And that is that life seems random. Which inevitably leads to the Diana Athill quote which remains the best summation of "life" for me thus far. And I won't put that quote or those words here. They are quoted in the section where I describe myself on the home page of this blog. In fact, I think those words should be visible somewhere on this page even as you read this if you scroll up or down the page.

So read Diana's words.

All I have got to add to those words is probably this: the randomness of life makes people's various certainties appear moot. But then the realization about the 'end' comes only near the end. The kids and youth do not worry about an 'end' which is decades away most of the time. And that is the way it should be. "Decades"  constitute a vast stretch and stage and canvass of time on which one can paint many masterpieces.

We can and do accomplish a great many things in the "decades" that we are given even while we live those years one day at a time.

The mysteries of time endure. The imperfections of human memory make "time" and memory non-linear concepts. We might remember some experience from years ago quite well but forget events that happened a week ago. We remember the special stuff and forget the mundane ones.

But perhaps all of the foregoing that I've written so far is unoriginal. What unique insight or formulation can I bring to this unique and important question of death that all of us have to grapple with?

Let me try an astronomical formulation which is probably in line with my core interests. So I leave you with this idea of the individual human life being lived at many different planes simultaneously: We have our individual lives with our friends, family and acquaintances doing what interests us, then there are larger and larger sections of society comprising larger and larger numbers of people who are also doing the same simultaneously. We have the whole Earth with its seven billion plus humans.

Even as humans and other living beings live out their lives on this planet, the planet itself endures and evolves through eons of geological time stretching over millions and billions of years. Such timescales are clearly beyond the capacity of the human brain to comprehend in any real sense.

In our lifetime, our planet will have moved some 60 or 80 times around the Sun but in its own lifetime, the Earth's revolution counter is at four billion plus. I do not know if the Earth revolved or rotated faster in the earlier epochs.

A "year" is but a figment of the human imagination and a random duration that we have decided to define as a unit of measuring time: time itself is not divided into any specific duration or units.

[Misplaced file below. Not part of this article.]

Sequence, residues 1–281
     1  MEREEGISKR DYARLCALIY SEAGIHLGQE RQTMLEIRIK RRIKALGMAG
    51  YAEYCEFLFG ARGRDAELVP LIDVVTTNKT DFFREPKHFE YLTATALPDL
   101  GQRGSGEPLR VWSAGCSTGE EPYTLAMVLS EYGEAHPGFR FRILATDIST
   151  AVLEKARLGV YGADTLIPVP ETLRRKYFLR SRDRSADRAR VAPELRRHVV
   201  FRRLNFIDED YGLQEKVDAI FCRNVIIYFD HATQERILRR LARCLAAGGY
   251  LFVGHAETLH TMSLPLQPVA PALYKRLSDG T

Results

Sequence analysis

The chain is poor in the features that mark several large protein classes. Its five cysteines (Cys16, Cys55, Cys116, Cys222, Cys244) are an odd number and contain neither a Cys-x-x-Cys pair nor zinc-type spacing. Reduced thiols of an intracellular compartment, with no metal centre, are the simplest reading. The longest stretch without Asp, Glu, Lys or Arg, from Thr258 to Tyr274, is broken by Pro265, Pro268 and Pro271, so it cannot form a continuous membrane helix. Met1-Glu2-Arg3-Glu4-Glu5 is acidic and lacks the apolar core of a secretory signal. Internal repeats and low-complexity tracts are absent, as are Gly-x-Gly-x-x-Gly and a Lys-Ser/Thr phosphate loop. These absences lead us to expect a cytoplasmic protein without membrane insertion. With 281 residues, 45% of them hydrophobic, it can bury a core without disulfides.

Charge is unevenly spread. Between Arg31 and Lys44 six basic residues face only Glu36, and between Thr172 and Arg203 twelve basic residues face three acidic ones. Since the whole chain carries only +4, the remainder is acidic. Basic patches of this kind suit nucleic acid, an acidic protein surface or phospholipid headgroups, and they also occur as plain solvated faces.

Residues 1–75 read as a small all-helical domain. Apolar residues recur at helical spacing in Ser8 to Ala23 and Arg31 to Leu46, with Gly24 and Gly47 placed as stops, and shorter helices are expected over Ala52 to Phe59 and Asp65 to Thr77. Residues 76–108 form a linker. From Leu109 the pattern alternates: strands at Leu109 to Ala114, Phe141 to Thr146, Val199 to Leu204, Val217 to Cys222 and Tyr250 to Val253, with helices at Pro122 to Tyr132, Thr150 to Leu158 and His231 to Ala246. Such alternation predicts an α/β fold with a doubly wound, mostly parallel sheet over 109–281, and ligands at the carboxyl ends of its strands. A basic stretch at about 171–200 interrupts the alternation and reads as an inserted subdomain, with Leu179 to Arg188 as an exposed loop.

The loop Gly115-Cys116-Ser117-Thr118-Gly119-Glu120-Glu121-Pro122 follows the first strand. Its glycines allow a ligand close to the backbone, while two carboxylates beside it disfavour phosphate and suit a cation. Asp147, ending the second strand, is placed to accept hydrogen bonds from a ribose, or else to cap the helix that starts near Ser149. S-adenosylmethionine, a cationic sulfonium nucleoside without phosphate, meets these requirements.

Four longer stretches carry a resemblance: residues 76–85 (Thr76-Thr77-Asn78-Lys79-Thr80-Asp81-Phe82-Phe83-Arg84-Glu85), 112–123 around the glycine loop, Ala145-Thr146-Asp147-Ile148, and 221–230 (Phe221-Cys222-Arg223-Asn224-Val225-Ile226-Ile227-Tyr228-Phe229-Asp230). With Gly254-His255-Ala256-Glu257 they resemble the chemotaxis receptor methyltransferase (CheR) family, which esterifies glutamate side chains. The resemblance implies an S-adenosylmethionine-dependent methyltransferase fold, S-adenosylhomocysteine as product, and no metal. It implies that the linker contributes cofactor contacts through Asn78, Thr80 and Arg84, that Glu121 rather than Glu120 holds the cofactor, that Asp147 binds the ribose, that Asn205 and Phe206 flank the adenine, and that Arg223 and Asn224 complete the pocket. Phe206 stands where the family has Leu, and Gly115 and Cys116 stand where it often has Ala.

And the Earth is but a member of the Solar System; even our star is merely living out its finite life.

The Sun will die one day. I do not know about our galaxy, about what will happen to it. But it has a 100 billion stars like the Sun. And there are 100 billion galaxies in the visible universe.

May be life arose elsewhere too: some crazy sentient life-forms completely beyond our capacity to imagine. We humans are the way we are but no reason why other intelligent beings will be anywhere like us. Or may be they will. Who knows? How accurate are the portrayals of 'E.T.' in Hollywood movies?

Astrophysics shows that the rate of expansion of the universe is accelerating contrary to conventional expectations of scientists. This points to a very long and bleak future: a future stretching ahead into billions and trillions of years and one where all the other galaxies that are present in the Hubble images today will all move beyond the visible range and our Milky Way will be a lonely galaxy floating in the vastness of space.

What a bleak vision but a fact nevertheless.

But that is really of no concern to our everyday human lives. Back to my uncle then. As he came back just a dead person in the back seat of a small car, I saw him from a distance. Was he calm or disturbed or happy to be dead? I do not know. But I was not particularly 'afraid' which was a discovery for me personally as I think the idea of dead people used to creep me out somehow and may be I am not the only person with that sort of feeling.

I did not impose myself on uncle's family of course. His family took care of whatever processes and rituals they went through and I went on with the routines of my own day and life. I was not even sad. I wonder if that makes me creepy.

But I think why I was not so sad is because perhaps I came to the realization that death, in the end, is just a part of life.